Feds blame NJ Transit for letting sleeping engineer crash train
Federal investigators have concluded the NJ Transit engineer who crashed a train at the Hoboken terminal in September 2016, killing a woman on the platform and injuring more than a hundred passengers, fell asleep at the wheel right before the accident.
The National Transportation Safety Board report issued Tuesday finds the engineer suffered from a sleep apnea condition that was undiagnosed because NJ Transit did not require train operators or anybody else to be tested for it.
The report also notes NJ Transit does not have adequate safety devices at the end of tracks to prevent trains from slamming into platforms and buildings.
The federal report comes as the nonprofit transportation agency gets pummeled by irate customers, angered over frequent delays and cancelations, as well as by the state's new Democratic governor, who has promised top-down changes at NJ Transit.
Assemblyman John McKeon, D-Morris, who presided over a series of legislative hearings last year that reviewed a number of problems at NJ Transit, said it’s unfortunate that testing for sleep apnea wasn’t mandatory. But, he says, it's the same old story.
“There’s so much that we know that NJ Transit hasn’t done, and has done inadequately, that are already part of the rules and regulations," he said.
He pointed out firefighters are tested to make sure they’re healthy enough to use the equipment, so “why wouldn’t we test engineers as well? It’s just common sense, logical. I’m sure it’s something the unions frankly should welcome.”
McKeon stressed it’s also important for the agency to complete installation of positive train control, a program that will automatically slow down and stop runaway trains.
“Positive train control is a lot more than just something in theory; it’s something that can save lives.”
Assembly Transportation Committee Chairman Dan Benson, D-Mercer, said NJ Transit must ensure train operators have schedules that allow them to be properly rested “and that if there are medical conditions, they’re addressed before they’re put in a critical situation.”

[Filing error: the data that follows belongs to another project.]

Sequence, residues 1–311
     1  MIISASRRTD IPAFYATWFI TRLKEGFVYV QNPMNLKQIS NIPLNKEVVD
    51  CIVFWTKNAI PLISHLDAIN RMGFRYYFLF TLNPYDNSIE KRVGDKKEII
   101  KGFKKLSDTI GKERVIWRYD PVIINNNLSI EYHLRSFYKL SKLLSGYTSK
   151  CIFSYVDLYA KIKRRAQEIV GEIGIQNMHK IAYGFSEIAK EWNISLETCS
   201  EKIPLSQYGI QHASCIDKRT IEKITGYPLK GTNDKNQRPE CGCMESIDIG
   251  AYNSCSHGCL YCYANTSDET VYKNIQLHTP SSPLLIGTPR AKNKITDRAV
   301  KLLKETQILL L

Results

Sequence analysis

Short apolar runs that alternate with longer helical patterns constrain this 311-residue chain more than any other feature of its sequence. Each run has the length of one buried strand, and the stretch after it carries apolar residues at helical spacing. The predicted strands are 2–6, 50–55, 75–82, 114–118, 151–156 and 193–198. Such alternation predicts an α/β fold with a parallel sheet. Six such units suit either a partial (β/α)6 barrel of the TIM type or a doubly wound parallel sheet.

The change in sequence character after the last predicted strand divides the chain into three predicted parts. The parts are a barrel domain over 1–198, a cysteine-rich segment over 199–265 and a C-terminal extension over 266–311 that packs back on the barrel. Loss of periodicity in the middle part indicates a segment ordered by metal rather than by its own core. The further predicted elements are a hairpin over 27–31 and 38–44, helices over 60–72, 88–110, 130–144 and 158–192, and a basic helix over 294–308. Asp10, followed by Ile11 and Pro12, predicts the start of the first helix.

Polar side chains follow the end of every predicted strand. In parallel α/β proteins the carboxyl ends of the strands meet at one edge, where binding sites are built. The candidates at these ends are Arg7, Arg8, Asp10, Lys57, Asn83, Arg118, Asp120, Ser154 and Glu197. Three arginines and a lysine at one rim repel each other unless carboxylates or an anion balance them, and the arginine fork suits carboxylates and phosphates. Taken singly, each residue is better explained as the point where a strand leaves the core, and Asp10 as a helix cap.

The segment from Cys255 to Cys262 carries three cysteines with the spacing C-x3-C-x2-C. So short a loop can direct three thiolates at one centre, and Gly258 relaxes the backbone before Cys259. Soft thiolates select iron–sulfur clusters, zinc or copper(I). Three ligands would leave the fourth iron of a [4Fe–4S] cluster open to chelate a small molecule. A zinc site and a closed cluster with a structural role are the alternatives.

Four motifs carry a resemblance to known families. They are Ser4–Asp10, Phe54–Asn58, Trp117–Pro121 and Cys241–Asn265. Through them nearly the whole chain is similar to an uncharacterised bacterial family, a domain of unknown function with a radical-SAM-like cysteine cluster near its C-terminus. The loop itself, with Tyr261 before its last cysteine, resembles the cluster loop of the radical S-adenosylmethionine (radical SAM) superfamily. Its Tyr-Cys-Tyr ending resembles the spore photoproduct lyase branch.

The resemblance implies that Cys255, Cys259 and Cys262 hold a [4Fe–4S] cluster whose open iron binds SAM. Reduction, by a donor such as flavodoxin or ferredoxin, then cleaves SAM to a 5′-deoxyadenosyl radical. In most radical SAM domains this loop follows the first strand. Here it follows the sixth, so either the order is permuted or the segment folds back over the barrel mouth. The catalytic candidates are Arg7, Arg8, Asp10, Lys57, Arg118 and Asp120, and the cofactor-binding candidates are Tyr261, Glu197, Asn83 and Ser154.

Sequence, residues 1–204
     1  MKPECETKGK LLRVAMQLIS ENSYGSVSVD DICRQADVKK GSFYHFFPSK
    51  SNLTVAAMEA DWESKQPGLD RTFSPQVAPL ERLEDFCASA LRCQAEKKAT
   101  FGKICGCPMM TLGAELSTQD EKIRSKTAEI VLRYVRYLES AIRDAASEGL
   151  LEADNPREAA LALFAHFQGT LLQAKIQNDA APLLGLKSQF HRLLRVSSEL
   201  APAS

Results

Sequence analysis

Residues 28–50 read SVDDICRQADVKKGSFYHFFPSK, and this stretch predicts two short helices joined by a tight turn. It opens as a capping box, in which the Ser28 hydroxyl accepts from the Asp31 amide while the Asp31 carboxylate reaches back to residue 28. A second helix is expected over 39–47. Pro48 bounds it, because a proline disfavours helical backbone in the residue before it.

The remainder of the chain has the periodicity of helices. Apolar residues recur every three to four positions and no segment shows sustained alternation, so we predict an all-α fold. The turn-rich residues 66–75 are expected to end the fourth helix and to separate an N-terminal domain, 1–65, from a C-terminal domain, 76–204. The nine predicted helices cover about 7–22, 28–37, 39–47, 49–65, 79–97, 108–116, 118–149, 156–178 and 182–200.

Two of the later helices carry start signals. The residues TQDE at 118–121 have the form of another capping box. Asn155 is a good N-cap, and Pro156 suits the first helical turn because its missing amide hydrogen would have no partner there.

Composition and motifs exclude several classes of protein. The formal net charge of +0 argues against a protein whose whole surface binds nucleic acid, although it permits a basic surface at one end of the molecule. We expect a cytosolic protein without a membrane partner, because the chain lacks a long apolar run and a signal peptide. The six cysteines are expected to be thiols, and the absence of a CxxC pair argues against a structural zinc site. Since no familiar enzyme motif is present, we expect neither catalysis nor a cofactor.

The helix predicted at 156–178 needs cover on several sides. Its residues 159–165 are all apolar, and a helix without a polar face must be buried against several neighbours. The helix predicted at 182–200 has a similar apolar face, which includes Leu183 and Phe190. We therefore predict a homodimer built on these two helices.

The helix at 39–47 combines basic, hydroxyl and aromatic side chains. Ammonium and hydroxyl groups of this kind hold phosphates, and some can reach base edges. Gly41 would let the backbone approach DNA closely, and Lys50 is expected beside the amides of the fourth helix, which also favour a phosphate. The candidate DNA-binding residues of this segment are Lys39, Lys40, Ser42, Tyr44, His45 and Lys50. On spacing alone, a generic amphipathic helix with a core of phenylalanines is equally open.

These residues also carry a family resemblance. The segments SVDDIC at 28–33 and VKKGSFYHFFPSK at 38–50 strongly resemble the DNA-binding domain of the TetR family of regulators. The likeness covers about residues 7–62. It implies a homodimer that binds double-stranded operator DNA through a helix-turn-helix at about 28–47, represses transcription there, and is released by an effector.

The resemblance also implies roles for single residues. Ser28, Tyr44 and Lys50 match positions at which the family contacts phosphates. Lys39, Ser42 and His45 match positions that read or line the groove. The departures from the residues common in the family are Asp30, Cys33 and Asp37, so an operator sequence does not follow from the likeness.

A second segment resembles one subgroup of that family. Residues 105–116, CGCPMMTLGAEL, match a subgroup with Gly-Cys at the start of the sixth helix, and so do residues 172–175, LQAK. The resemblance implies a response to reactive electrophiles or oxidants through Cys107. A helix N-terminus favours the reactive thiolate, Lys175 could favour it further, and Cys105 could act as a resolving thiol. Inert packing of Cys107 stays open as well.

He said NJ Transit must also have a risk-management policy that looks at “what other risks are out there and what are we doing to prevent catastrophic failure in the future.”
When asked to comment on the NTSB report, a spokeswoman for NJ Transit provided the following statement:
NJ TRANSIT is keenly focused on safety and forward progress. We participated in and cooperated fully with the NTSB’s investigation and are pleased that the NTSB acknowledged our aggressive sleep apnea screening protocol that mandates all safety sensitive employees who screen positive be immediately pulled from duty and will only be reinstated in their craft if they get the appropriate medical certification.
NJ TRANSIT is developing a technology solution to enforce civil speeds at terminal stations. This is in addition to the proactive safety measures put in place in October 2016, which included having a conductor ride in the cab car with the engineer and reducing the speed limit restrictions coming into Hoboken and Atlantic City Terminals from 10 mph to 5 mph. All NJ TRANSIT revenue service trains have been outfitted with inward and outward facing cameras in the locomotives and cab cars. Friction bumper blocks, designed to absorb impact, are being installed at Hoboken Terminal.
U.S. Sen. Bob Menendez, the ranking member of the Senate’s mass transit subcommittee, said the report shows that NJ Transit could have prevented the Hoboken crash. Instead, it "put its riders at unnecessary risk."
“Once the envy of the nation, NJ Transit has become the posterchild for what can go wrong when you bleed a transit agency dry of critical resources and fail to prioritize infrastructure investment. I am pleased that Gov. Murphy has made getting N.J. Transit back on track a cornerstone of his new administration," Menendez said.
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